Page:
For too many generations, citizens of tribal nations around the country, including Cherokee Nation citizens, saw their language, their culture and their artistic expression suppressed and eroded by policies of the United States. Meanwhile, many non-Indians have profited from art based on stereotypes and misrepresentations of Native Americans.
The federal Indian Arts and Crafts Act, first passed in 1990, finally put some long-needed protections in place. It is a truth in advertising law intended to protect Indian artists and consumers. Unfortunately, the law still defines “Indian” and “Indian tribe” too broadly. Instead of reserving the label of “Indian art” to members of federally recognized tribes, current law extends that protection to state-recognized tribes, which have not passed any of the important federal safeguards against falsely claiming tribal identity.
Recently, I sent a letter urging Congress to strengthen the federal Indian Arts and Crafts Act by reserving its protections to members of federally recognized tribes. I called for Congress to include these changes in the proposed ARTIST Act.
The list of fake tribes and state-recognized tribes is long. At least 10 state-recognized groups across the country make a false claim to Cherokee history and culture. These groups pose as Cherokee tribes and issue membership cards, usually for a fee. Rather than earn federal recognition through a rigorous examination of history, facts and the law, they perpetuate a fraud.
Unfortunately, the Indian Arts and Crafts Act — a law intended to protect Native artists — helps these “tribes” in their quest for legitimacy. Under the law, artists with membership in these fraudulent organizations compete alongside Cherokee citizens in selling art under the federally protected “Indian art” label.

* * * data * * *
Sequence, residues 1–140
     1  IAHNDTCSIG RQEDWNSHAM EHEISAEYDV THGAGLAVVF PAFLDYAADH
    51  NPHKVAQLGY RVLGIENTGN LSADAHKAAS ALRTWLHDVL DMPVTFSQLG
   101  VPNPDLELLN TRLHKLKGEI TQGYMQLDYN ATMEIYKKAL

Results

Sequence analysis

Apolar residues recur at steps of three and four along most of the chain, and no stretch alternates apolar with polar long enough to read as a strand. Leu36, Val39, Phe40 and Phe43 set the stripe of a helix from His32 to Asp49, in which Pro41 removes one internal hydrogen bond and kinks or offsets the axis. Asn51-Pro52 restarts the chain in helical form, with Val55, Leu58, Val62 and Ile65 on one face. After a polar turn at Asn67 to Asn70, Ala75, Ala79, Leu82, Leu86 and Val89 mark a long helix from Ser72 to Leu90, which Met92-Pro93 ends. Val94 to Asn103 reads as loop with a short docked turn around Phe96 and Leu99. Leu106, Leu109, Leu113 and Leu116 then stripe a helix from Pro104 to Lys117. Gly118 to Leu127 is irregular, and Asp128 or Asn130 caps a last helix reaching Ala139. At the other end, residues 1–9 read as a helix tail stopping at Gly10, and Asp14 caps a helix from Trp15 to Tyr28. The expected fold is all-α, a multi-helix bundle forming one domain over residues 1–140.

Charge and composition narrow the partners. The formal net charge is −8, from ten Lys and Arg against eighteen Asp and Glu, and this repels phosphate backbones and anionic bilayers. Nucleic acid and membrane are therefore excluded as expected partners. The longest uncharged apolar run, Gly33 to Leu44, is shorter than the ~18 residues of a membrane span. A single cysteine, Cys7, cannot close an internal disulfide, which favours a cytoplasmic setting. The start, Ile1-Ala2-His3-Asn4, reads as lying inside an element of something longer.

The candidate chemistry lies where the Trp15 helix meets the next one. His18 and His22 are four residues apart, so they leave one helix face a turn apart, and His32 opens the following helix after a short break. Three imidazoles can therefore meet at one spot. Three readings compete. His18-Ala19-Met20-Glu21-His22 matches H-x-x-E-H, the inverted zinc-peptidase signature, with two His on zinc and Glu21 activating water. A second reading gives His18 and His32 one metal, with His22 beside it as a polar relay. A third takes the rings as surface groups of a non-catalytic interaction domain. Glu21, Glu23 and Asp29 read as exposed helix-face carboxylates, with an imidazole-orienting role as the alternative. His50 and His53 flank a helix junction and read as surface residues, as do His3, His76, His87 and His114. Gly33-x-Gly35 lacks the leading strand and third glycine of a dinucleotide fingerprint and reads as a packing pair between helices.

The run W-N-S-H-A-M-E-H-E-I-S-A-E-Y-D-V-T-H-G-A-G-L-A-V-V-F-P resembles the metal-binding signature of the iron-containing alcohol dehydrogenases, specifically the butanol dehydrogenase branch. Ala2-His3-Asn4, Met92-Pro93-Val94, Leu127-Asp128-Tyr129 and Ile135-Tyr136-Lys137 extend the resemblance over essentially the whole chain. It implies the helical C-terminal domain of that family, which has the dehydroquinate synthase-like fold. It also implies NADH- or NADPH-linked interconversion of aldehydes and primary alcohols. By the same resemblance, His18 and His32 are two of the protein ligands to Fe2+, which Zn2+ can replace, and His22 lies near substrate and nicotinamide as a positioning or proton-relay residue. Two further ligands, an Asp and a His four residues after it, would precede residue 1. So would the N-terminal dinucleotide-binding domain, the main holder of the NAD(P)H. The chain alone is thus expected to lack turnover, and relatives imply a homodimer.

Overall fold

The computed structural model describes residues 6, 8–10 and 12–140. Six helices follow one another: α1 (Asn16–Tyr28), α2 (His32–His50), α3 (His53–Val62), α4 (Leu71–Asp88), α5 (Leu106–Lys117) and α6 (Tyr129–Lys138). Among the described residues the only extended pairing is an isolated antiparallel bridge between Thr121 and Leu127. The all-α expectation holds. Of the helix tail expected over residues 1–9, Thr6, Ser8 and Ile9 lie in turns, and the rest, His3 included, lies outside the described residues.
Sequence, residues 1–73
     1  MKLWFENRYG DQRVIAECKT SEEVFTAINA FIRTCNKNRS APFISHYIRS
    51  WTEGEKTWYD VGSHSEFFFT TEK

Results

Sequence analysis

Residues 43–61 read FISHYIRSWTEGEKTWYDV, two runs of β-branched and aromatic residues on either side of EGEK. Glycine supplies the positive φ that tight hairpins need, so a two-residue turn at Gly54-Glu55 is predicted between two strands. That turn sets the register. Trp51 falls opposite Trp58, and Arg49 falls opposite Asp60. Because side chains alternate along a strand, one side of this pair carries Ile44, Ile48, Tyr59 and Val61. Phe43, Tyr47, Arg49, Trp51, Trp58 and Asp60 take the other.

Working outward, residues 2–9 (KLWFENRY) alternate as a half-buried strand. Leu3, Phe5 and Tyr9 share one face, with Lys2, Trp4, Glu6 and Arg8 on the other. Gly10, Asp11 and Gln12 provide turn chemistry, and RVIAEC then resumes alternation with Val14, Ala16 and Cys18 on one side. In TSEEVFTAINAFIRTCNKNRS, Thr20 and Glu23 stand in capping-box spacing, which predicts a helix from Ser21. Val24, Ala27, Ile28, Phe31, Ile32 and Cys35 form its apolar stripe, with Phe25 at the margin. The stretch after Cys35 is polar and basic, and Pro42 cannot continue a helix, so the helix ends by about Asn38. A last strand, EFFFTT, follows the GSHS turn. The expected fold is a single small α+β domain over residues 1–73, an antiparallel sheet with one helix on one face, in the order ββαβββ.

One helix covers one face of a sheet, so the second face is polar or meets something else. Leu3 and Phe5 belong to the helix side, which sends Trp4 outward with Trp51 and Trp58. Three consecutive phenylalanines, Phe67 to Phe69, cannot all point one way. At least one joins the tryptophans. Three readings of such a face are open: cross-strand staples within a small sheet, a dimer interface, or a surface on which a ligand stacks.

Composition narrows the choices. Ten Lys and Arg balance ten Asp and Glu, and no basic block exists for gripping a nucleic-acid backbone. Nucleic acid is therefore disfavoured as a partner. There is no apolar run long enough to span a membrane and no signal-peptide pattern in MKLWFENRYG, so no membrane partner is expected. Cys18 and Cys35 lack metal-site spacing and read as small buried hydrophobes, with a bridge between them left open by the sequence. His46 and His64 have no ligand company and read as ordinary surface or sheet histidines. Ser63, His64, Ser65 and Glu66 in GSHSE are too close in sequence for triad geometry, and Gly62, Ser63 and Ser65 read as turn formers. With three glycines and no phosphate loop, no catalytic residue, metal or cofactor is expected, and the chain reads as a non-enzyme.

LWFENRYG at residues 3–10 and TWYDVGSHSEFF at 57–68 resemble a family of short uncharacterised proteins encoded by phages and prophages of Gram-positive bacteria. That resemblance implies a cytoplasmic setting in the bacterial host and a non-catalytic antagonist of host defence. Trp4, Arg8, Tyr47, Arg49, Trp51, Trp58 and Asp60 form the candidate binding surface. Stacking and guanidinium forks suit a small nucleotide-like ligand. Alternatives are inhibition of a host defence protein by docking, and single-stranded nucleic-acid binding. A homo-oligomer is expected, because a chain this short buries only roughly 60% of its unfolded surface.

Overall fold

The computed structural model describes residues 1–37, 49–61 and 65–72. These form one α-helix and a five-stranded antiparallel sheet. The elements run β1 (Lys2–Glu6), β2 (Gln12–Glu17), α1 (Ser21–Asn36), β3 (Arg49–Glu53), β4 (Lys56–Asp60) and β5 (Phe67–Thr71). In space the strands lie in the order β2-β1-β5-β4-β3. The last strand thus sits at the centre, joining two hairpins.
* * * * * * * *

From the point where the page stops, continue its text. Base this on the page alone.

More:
This is an offense to our ancestors, an offense to our artists and confusing to art patrons. As Chief, I will not tolerate it. So, let’s do something about it. Let’s tell Congress that our ancestors endured too much to allow fake tribes to undermine our culture and lifeways. Let’s tell Congress that our artists, and artists in all federally recognized tribes, deserve to be respected. Let’s tell Congress that if a person is going to sell their art as Indian art, they ought to at least be an Indian.
Deputy Chief Bryan Warner and I took an oath of office to preserve and defend Cherokee sovereignty and culture, which are threatened by the countless examples of people falsely claiming Cherokee Nation citizenship and ancestry. Our oath compels us to speak up to federal leaders.
We need your help, too. Genuine Native artists across the Cherokee Nation and across the country need your help. I’m asking you to join me and Deputy Chief Warner in calling on Congress to remove non-federally recognized tribes from the Indian Arts and Crafts Act. The law must be changed to protect actual Cherokees, including thousands of Cherokee artists, artisans and craftspeople who are citizens of the Cherokee Nation, the Eastern Band of Cherokee Indians or the United Keetoowah Band of Cherokee Indians. Tribes like the Cherokee Nation — which has been continuously federally recognized since the founding of the country — and other tribes and bands recognized later under federal law are the only legitimate tribes. If groups posing as tribes under state law want the unique rights and responsibilities of Indian tribes, including protections for Indian artists, these groups should go through the rigorous process of federal recognition, just like the other 574 federally recognized tribes.
The Senate Committee on Indian Affairs is seeking comment on the proposed ARTIST Act of 2023. Now is the time to push for changes in federal law that give Indian artists the respect and protection they deserve.
Chuck Hoskin Jr.